Jumper Box Tubing

A Jumper BoxTM is a jockey box without its faucets. This difference allows you to customize the setup of your draft beer system by having the location of your beer taps separate and away from the brains of the operation—your Jumper BoxTM

Whether you decide to install a draft tower as a countertop feature inside your mobile bar or as taps on the exterior of your beer trailer, you have to account for beverage tubing and gas lines. 


Just like at your favorite brewery or restaurant, beer doesn’t magically transport itself from its keg to your glass. We’re working on that tech right now with Elon, however. Anyway, your beer must travel through beverage lines (i.e.,vinyl tubing)—known as “jumpers.”

For Jumper BoxesTM, you need two sets of beverage lines:
  1. Keg Jumper: Tubing (generally longer) that carries beer from its keg to your Jumper BoxTM
  2. Shank Jumper: Tubing (generally shorter) that carries beer from your Jumper BoxTM to your faucets (taps) via a connecting *faucet shank  

*A faucet shank is a stable unit that either gets housed inside a countertop draft tower or is the tunnel from the inside of your beer trailer to its exterior wall that allows for you to install taps to the outside of your trailer. Faucet shanks support the connection between Shank Jumper and beer faucet.

Note: Both the Keg Jumper and Shank Jumper are vinyl beverage tubing, constructed identically. Their only difference should be their diameter (explained below). We (COLDBREAK®) have taken the liberty to assign them names to distinguish their location and purpose in the setup.

shank jumpers hooked up to jumper box


Your beer trailer is going to be designed and set up differently than her mobile bar. And while we can’t predict or account for every possible scenario, there are a few things to consider when you’re building yours.

Tubing Diameter

Without getting too scientific, we have to control the flow of beer via the CO2 pressure that forces it up and out of its keg with an appropriate diameter of our beverage lines. Otherwise, your beer will either dribble or blast out of your faucet. Like Goldilocks, we want to avoid both extremes, and instead need something in between and just right.

Our recommened Keg Jumpers are 5/16” ID (i.e., its internal diameter). 

FYI, your beer then travels through stainless steel coils that are 5/16” OD (i.e., its external diameter). Their ID is 1/4".

When beer exits a Jumper BoxTM, it needs to transfer into a Shank Jumper that is equal to or smaller (never larger) than the coils’ internal diameter.

The Shank Jumper should be 1/4" ID (matching the coils), or 3/16” ID (one measurement smaller). 

Pro tip: To help maintain the liquid’s proper serving temperature as it leaves the chilled coils and combats ambient temperature, we recommend insulating your Shank Jumper with a piece of basic pipe foam (see photo).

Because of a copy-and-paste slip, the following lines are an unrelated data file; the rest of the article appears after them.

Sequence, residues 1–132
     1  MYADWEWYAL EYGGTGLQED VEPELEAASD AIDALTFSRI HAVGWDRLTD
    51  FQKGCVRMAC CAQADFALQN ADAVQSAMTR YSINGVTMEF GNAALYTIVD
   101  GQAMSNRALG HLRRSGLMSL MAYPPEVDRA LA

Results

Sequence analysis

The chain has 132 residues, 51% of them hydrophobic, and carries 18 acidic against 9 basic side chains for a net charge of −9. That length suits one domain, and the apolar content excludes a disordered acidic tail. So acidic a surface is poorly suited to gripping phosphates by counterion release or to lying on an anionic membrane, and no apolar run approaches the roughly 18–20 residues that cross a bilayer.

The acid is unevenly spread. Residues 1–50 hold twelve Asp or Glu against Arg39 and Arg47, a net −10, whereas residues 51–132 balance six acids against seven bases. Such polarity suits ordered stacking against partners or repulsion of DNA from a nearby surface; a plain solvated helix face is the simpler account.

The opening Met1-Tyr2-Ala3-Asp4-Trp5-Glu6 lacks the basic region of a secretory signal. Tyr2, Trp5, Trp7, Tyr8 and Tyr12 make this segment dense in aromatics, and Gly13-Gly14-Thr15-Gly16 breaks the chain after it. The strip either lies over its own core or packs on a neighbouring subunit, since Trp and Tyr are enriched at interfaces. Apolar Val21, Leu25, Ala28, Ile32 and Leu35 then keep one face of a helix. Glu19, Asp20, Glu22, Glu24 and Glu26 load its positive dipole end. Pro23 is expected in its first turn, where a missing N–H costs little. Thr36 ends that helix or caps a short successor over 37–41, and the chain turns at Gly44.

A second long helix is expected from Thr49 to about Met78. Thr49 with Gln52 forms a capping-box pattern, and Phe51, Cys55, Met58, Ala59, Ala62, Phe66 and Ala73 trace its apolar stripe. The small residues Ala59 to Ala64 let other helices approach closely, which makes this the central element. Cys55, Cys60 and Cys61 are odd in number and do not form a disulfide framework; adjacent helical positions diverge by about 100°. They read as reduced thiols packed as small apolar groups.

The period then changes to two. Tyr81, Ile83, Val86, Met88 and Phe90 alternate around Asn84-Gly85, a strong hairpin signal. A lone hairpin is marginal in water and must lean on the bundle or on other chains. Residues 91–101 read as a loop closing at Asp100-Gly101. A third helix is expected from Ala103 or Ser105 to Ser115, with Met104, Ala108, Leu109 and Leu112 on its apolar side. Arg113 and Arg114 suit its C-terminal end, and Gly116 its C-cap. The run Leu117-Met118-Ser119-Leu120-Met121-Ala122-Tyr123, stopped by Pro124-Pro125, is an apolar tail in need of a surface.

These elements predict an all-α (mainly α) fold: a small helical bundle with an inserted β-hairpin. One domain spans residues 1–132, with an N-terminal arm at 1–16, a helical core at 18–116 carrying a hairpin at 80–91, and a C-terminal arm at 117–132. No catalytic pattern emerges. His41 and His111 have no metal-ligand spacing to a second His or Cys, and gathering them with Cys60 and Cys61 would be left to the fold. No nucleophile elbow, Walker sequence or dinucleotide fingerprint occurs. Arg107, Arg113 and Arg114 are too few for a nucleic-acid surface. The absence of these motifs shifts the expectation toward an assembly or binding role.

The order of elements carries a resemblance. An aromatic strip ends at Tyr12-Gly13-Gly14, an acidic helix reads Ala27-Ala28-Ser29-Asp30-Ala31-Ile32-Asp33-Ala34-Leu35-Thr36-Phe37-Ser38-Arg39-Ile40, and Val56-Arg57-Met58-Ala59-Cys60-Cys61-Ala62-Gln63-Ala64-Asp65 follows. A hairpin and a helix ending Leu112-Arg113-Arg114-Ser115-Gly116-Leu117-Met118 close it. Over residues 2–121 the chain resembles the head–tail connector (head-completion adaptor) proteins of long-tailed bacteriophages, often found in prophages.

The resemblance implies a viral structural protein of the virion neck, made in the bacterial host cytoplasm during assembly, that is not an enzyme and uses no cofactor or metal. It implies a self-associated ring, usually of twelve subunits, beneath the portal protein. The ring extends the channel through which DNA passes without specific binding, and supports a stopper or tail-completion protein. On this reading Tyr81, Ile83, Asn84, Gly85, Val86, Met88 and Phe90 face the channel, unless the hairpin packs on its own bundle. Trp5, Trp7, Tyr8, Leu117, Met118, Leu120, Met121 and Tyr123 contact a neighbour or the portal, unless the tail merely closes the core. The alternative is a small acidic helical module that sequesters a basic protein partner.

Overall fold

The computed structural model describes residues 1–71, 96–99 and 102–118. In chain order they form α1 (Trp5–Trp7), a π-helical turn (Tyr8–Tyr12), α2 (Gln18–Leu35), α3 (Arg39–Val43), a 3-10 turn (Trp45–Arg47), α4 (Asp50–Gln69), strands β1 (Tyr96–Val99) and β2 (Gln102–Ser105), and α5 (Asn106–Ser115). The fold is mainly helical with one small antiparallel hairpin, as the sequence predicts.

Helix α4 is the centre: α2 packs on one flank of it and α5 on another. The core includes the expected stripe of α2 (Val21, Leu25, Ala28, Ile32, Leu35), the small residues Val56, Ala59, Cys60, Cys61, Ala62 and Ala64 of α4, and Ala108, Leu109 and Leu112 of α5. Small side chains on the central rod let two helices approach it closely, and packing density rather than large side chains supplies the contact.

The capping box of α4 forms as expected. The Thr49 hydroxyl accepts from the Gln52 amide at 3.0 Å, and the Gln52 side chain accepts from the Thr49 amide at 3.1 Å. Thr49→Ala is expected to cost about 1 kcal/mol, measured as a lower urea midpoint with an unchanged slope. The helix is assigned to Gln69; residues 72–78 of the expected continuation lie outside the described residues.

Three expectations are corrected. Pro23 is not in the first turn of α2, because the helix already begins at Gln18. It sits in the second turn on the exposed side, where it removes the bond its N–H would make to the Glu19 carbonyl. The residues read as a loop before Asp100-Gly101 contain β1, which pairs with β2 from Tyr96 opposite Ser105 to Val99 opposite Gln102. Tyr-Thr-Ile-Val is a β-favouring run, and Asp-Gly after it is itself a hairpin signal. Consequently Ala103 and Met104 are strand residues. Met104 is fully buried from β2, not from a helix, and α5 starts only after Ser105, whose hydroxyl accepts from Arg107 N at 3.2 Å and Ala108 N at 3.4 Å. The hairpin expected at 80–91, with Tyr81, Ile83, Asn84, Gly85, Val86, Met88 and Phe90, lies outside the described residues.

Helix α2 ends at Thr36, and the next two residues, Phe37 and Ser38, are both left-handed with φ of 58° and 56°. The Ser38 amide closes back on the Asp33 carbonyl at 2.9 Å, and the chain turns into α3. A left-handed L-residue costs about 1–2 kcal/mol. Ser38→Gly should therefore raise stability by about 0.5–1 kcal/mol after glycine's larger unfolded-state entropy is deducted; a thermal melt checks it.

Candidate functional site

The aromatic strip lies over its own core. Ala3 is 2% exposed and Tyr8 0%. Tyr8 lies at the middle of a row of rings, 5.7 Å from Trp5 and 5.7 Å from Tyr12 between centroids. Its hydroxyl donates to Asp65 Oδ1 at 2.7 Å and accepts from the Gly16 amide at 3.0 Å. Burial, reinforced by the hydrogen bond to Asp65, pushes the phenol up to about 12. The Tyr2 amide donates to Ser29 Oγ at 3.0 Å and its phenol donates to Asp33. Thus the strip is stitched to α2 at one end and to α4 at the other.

keg jumpers attached to kegs

Tubing Length

By default, most beverage lines come in 4’ or 6’ lengths. This gives more than enough leeway for the vast majority of mobile bar trailers to be flexible in their setup. For those who want to tidy up their tube spaghetti aesthetics, you can easily trim their length on your own at home. Reattaching the tailpieces and end clamps is self-explanatory and easy.



Regular cleaning is essential to ensure that the product being served to your guests maintains its integrity in quality, flavor, and presentation. In addition, the importance of adhering to proper sanitation standards is critical. Guests expect (and deserve!) that what they’re drinking out of your mobile bar tastes exactly the same as it should coming straight from their favorite taproom. 

In all seriousness, if this is something you’re not willing to maintain, stop now—pack up shop, and go home. Yes, it’s that big of a deal. 

Every Two Weeks (14 days):

  • Clean Keg Jumpers and Shank Jumpers
  • Disassemble and clean faucets
  • Clean keg couplers 

For a practical tutorial, watch our how-to video, How to Clean a Jockey Box.


Both your Keg Jumpers and Shank Jumpers should be replaced every one to two years, or sooner if you experience any bacterial contamination (from not cleaning regularly) or off-flavors.  

To that point, if you’re dispensing root beer, intensely-flavored beers, margaritas, wines, or cider—generally anything with aggressive sugar content, flavor, or color—you should be replacing your beverage lines after each use. So, let’s say you regularly cater weddings and you have a 4-tap Jumper BoxTM. It’s a smart play to designate each line for distinctly different beverages. For example, two lines could be beer, one for white wine or a mixed cocktail, and the last one for alcohol-free soda.  


For draft beverage novices, don’t fret—after your system is properly installed and set up, and once you’ve done one cleaning cycle, proper care and maintenance will feel like second nature.

While there will probably be waaay more information than you’ll ever need, if you’d like an in-depth dissection of all things draft beer systems, reference these two trusted, downloadable publications from the Brewers Association: Draught Beer Quality for Retailers, and the technical and scientific-heavy rabbit hole, Draft Beer Quality Manual.